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Irrigation canal Tim Hearden
An irrigation canal brings water to citrus and other crops in and around the University of California’s Lindcove Research and Extension Center near Visalia, Calif.., in August 2018. Water shortages in the area have led to an overreliance on wells.

Agencies plan for water rationing under SGMA

Heavily overdrafted watersheds in the San Joaquin Valley to face cutbacks.

Local groundwater regulatory agencies set up under 2014 legislation in California are discussing future rationing schemes with irrigators as they scramble to submit long-term aquifer sustainability plans to the state by a deadline of early next year.

The plans are required by January 2020 for the state’s 21 most critically overdrafted or important basins. Most of those basins are in the San Joaquin Valley, where surface water cutbacks in recent years led to an overreliance on wells.

Local regulators are discussing a combination of new supplies and land-use conversions, says David Orth, a principal at the Fresno-based New Current Water and Land, LLC, a strategic planning firm.

Orth predicts as much as 500,000 to 750,000 acres of land in the valley will shift from irrigation to alternative uses unless new water sources are developed.

“What we have is a serious problem coming our way,” says Mario Santoyo, executive director of the San Joaquin Valley Water Infrastructure Authority. The multi-agency entity is working to build the proposed Temperance Flat reservoir northeast of Fresno.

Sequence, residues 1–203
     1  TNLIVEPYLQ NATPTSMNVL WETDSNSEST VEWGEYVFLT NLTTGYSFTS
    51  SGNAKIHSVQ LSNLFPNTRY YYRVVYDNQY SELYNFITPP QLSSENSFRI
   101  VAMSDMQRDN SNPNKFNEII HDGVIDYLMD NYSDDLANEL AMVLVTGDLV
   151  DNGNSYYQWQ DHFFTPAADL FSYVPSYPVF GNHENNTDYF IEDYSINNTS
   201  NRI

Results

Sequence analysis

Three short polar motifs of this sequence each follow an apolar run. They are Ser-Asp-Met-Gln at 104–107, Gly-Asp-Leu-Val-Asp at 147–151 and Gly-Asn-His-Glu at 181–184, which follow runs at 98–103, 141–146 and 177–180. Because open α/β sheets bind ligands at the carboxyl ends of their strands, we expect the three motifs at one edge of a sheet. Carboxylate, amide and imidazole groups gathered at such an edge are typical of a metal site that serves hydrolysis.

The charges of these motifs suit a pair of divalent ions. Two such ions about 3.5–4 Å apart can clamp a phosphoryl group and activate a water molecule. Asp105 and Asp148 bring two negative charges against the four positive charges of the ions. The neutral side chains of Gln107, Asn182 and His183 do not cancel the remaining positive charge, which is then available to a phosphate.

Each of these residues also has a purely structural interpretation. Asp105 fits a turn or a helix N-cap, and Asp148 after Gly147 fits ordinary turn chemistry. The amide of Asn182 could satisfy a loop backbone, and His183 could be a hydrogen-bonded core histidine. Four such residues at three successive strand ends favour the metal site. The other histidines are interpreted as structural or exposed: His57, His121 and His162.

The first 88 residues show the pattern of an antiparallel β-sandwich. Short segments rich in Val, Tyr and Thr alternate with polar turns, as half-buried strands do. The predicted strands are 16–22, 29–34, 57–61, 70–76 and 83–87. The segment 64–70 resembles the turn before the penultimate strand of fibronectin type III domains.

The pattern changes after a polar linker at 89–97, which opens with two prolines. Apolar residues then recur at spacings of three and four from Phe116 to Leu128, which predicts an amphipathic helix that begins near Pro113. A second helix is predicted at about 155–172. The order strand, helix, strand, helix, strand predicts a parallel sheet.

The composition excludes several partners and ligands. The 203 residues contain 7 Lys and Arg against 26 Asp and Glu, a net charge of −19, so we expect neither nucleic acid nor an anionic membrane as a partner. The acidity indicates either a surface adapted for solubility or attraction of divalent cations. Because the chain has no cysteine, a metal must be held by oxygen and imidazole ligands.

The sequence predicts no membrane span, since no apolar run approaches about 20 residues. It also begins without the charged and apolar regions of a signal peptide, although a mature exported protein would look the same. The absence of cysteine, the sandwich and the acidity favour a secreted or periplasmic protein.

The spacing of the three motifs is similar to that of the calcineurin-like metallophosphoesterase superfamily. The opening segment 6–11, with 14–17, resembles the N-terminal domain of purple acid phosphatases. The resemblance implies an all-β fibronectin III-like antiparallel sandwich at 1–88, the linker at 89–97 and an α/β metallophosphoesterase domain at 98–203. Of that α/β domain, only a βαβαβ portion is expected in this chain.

“As bad as things are right now, as soon as they start implementing the Sustainable Groundwater Management Act, for you as a farmer, the state is going to tell you yes or no,” Santoyo told growers during a workshop at the World Ag Expo in Tulare on Feb. 13. “Then you’ll know we are in a bad state.”

LAND VALUES DOWN

While the effects from implementation won’t really be felt by growers until 4 or 5 years from now, farms are already seeing an impact in terms of land value, says Steve Worthly, a former long-time Tulare County supervisor who leads the San Joaquin water authority’s board.

“The value of land has been cut in half,” he says. “People are realizing they’re going to have to fallow half or 60 or 70 percent of their ground. There’s very little demand.”

Worthly says farmers who are thinking about selling their land should “go talk to your neighbors” and see if they’re looking to expand their operations.

Environmental groups argue the coming changes are a veritable toll coming due after decades of unregulated pumping in California. Before then-Gov. Jerry Brown signed the package of bills known as SGMA in 2014, the state’s water board could only regulate egregious waste or unreasonable use of groundwater.

The three bills gave local governments until mid-2017 to set up groundwater management agencies for each basin. While sustainability plans for overdrafted basins must be in place by next year, other high- and medium-priority basins must have plans by 2022 and sustainability for all basins must be achieved by 2040, the governor’s office has explained.

HISTORIC DROUGHT

While parts of the San Joaquin Valley have been in overdraft for years, the problem came to the forefront during the state’s historic drought in 2012-16.

That’s when growers south of the Sacramento-San Joaquin River Delta went for a couple of years with little or no surface water, largely because of biological opinions on endangered fish, and in many cases had to drill deeper wells to water their crops.

“These are high-value crop lands” planted with such commodities as citrus and olives, Worthly says. “We’ve got trees that are 100 years old that are still productive.”

As water shortages killed several thousand acres of trees during the period, stepped-up pumping caused nearly 1,000 wells in the Porterville area to fail, requiring the state to truck in fresh water for residents.